The world’s hottest deficit hawk Niall Ferguson brought his message of fiscal doom & gloom to the Aspen Ideas Festival, where he warned that politicians were lacking urgency over the crisis to come.
And American politicians don’t have a sense of urgency, Ferguson contended. They feel the country can limp along for another 20 years or so in its current financial health without making tough decisions about fiscal policy. He believes they are wrong. The federal government’s debt has grown so large in the past decade that the United States will inevitably devote an increasing amount of taxes to it. Meanwhile it’s facing a greater burden through the Medicare and Social Security programs as Baby Boomers age. It’s also currently fighting two wars. All that while revenues have plummeted in the recession.
“If you really want to see when an empire is getting vulnerable, the big giveaway is when the costs of serving the debt exceed the cost of the defence budget,” Ferguson said. That will happen in the United States within the next six years, he predicted.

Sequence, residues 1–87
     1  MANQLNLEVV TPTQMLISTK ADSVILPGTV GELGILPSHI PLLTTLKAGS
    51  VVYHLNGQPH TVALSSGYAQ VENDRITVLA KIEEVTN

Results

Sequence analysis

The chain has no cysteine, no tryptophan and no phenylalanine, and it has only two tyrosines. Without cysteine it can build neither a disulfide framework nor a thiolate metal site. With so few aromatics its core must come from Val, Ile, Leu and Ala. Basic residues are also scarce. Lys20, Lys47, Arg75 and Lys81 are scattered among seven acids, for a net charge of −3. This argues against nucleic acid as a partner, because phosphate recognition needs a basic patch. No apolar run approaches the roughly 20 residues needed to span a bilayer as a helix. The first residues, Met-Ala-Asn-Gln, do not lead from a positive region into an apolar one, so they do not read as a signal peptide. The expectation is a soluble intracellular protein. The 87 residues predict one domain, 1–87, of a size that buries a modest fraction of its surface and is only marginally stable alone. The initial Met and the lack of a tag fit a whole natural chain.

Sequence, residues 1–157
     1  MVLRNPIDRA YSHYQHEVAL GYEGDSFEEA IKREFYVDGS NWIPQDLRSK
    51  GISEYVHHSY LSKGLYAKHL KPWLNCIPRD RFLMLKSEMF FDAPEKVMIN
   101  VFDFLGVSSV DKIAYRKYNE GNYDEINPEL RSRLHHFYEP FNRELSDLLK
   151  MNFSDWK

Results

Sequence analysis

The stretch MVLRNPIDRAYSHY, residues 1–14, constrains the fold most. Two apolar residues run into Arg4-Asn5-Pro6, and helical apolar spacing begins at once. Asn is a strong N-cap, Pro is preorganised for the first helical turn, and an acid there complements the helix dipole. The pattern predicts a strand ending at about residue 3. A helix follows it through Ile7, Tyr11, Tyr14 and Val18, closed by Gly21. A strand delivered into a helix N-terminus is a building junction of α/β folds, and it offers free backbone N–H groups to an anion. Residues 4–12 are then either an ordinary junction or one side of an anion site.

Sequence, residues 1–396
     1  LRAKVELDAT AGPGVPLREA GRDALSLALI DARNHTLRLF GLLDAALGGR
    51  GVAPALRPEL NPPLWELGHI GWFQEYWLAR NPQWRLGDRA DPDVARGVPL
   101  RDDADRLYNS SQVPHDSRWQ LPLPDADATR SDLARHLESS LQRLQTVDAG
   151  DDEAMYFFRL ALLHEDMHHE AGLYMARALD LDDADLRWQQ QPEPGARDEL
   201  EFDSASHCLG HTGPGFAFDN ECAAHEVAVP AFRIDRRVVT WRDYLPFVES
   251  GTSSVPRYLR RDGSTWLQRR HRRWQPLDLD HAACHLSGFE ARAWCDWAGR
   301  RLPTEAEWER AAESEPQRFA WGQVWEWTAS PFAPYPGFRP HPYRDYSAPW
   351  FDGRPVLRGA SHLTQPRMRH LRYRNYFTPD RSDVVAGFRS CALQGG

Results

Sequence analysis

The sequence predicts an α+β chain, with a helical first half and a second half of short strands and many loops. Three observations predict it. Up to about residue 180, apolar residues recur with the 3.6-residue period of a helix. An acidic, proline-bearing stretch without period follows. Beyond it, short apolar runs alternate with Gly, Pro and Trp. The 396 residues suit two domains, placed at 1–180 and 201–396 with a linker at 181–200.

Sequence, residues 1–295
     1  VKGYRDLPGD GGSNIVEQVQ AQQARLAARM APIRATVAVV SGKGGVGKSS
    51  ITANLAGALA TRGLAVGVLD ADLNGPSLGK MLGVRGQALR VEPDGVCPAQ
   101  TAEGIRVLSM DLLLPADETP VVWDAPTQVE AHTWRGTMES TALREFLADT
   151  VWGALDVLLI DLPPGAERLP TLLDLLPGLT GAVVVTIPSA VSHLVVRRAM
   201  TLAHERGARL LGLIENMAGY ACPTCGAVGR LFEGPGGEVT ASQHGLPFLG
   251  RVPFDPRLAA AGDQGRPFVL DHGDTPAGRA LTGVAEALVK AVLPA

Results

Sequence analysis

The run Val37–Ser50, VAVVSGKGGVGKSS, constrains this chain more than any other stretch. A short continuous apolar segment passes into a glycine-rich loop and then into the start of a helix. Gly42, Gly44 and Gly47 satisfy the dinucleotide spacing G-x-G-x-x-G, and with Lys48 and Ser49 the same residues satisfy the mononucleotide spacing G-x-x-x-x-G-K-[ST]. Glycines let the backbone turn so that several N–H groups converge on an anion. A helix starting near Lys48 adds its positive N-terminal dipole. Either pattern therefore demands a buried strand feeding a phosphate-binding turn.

He also warned that the US economy could unravel very quickly, a la the Soviet Union, and that there was no reason to presume it would sink slowly into the mire.
Meanwhile, Ferguson’s unofficial adversary Paul Krugman has a post up about interest payments in debt-heavy Japan, in which he argues that the country’s debt service isn’t as high as people seem to think. Worth a quick read.
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